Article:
On July 7, when leaders of the Group of Eight industrialized nations gathered at Toyako Lake, Hokkaido, for their annual summit, I happened to be in Istanbul for the opening session of the multinational Global Conference on Global Warming.
Although a message from the Turkish president was read in proxy, speeches were delivered in person by the prime minister, the minister of energy and resources and the mayor of Istanbul. They expressed their views enthusiastically well beyond the time originally allocated to them.
Istanbul was selected as the venue for this international conference after Turkey officially decided to join other advanced nations obliged to reduce or control greenhouse gas emissions one way or another under terms of Attachment I of the Kyoto Protocol. Adhering to those conditions is one of the prerequisites for Turkey to become a member of the European Union.
Upon my return home, I was able to catch up on how environmental issues were discussed at the summit: * It was gratifying that leaders of the industrialized world agreed on a long-term target for reducing greenhouse gas emissions by 2050. This target was contained in the “Abe initiative” (named after former Prime Minister Shinzo Abe). As for the medium-term target, summit participants agreed only to work aggressively, showing how difficult it was to work out a compromise between the EU position of reducing emissions 20 percent from 1990 levels by 2020 and the American insistence on not starting emissions reduction until 2025.
There is little possibility that Japanese industrial circles will accept whatever medium-term target the government commits to. Therefore, the “Fukuda vision,” announced by Prime Minister Yasuo Fukuda on June 4, was fuzzy about the medium-term target.
Environment Minister Tetsuo Saito says Japan should at least propose a medium-term goal of 25 percent reduction, pointing out that the Intergovernmental Panel on Climate Change calls on advanced nations to curtail greenhouse gas emissions 25 percent to 40 percent. * As for the expanded use of renewable energy sources, I am of the view that solar generation of electricity should be encouraged through the “fixed price” scheme practiced by Germany, whereby solar-generated surplus power is purchased by utilities at three times the electricity rate.
According to what I have read in newspapers, a majority of people seem to favor resumption of government subsidies. The problem with providing subsidies is that it entails huge administrative costs of opening and staffing offices nationwide. In stark contrast, the “fixed price” formula would require only some modification of computer software for billing. * Even though the G8 leaders agreed in their statement on the need for “carbon pricing” through environment taxes and emissions trading, industrial circles in Japan still strongly oppose such measures, making it extremely difficult to induce economic incentives to reduce carbon emissions. It is highly likely that the United States, under the new president to be sworn in next January, will introduce emissions trading. Should the American and European markets link up through such a trading formula, Japan could be isolated.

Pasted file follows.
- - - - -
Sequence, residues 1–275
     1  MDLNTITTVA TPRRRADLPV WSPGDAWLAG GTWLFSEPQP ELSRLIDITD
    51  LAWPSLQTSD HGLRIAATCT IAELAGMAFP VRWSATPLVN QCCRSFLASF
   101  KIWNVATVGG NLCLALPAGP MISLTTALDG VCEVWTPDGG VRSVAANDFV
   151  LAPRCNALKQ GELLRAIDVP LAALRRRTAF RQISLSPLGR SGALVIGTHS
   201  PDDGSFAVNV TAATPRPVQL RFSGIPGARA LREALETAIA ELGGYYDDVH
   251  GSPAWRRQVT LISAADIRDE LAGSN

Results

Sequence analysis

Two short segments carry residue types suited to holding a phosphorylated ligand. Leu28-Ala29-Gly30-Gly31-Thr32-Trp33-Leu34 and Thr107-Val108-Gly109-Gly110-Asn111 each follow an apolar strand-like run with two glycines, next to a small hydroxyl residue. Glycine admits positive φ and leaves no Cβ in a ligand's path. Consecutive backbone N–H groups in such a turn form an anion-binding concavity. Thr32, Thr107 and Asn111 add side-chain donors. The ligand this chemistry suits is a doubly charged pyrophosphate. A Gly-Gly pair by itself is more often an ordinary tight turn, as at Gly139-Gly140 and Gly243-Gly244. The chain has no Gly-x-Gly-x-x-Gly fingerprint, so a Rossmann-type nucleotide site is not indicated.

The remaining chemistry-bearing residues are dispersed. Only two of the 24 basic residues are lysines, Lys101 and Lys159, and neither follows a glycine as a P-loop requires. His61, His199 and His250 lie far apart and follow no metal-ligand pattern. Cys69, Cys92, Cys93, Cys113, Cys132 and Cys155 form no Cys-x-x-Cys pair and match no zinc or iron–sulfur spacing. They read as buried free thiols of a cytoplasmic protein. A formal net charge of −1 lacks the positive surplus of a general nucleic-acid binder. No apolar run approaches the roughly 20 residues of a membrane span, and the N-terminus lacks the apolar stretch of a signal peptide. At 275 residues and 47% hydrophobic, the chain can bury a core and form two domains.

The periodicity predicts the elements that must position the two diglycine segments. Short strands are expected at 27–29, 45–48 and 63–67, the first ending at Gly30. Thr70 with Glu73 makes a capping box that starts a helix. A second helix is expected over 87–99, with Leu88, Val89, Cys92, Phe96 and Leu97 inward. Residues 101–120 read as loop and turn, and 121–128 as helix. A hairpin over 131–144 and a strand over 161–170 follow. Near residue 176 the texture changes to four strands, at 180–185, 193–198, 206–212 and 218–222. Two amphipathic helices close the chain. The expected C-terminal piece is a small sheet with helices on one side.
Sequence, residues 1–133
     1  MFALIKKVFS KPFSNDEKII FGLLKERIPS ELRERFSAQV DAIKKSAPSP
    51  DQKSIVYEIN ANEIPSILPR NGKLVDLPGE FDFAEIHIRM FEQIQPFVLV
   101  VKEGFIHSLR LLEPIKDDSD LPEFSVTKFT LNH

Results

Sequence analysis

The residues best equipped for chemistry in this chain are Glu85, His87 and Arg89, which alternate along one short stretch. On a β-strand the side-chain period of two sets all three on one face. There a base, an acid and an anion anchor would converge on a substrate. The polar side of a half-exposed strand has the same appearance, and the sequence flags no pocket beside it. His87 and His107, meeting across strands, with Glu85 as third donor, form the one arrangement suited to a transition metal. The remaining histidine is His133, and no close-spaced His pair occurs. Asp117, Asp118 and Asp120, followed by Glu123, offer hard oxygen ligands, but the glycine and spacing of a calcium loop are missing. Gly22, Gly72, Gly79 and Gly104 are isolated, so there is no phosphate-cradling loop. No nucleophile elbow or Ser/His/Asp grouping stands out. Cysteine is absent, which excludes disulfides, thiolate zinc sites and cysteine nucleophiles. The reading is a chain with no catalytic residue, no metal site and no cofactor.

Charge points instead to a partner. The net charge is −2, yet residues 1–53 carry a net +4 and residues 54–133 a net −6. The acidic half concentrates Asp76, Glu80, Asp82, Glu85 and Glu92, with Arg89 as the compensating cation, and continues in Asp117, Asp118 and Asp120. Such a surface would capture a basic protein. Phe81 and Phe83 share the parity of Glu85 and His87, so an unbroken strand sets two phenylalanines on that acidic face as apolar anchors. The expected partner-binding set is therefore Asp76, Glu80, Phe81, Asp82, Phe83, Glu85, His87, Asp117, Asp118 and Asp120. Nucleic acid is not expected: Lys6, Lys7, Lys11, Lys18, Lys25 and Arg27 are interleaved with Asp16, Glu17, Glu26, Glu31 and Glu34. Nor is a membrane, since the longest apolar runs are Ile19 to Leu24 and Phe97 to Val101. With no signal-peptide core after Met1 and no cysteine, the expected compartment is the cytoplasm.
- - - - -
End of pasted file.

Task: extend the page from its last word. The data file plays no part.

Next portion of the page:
I do not understand why some economists so staunchly oppose emissions trading and bitterly criticize the Emissions Trading Scheme (ETS) adopted by the EU. Those who designed the EU-ETS are fully aware of its shortcomings; its significance lies in the actual adoption of the scheme. Shortcomings can be addressed through trial and error. It’s always difficult to introduce the ideal form of a new system. As the second best alternative, I would recommend starting with the allocation of emission volumes. * G8 leaders were extremely cautious about calling on China and India to join the global campaign to reduce carbon emissions, apparently for fear of antagonizing them. It is worthy of note that the summiteers agreed on a funding mechanism contained in the “Abe initiative.” Under the mechanism, international cooperation for developing innovative technologies will be pushed and financing for technological transfers from advanced countries to developing nations will be provided. * G8 leaders agreed that the Japanese approach of establishing reduction targets sector by sector would be effective. They did not go far enough, though, in recognizing Tokyo’s proposal as a method for establishing reduction targets for different countries.
Japan should rightly be given credit for serving as a bridge to fill the gap between the EU and the U.S., given the fact that the Kyoto Protocol was bulldozed through by the European and American delegations without full consultation with Japan.
In 1972, the Club of Rome warned that the economic growth would be limited by the finite supply of resources. Ironically, the perceived insufficiency of resources and foods is forcing the human race to take action against global warming. Rising prices for fossil fuels is the most effective way to cut CO2 emissions.
There are said to be three ways to combat global warming: (1) Voluntary action from corporations and households, (2) measures that impose prohibitions and obligations, and (3) economic measures that include environment taxes and emissions trading.
Many people used to claim that economic measures would not be effective. Due to the recent rise in the price of gasoline, however, traffic congestion has almost disappeared from the streets of Kyoto where I live. Traffic on expressways in the Tokyo area is also said to have fallen 10 to 20 percent. So, I would call on those who do not believe in economic measures to reconsider the human sensitivity to price fluctuations.
Takamitsu Sawa is a professor at Ritsumeikan University’s Graduate School of Policy Science and a specially appointed professor at Kyoto University’s Institute of Economic Research.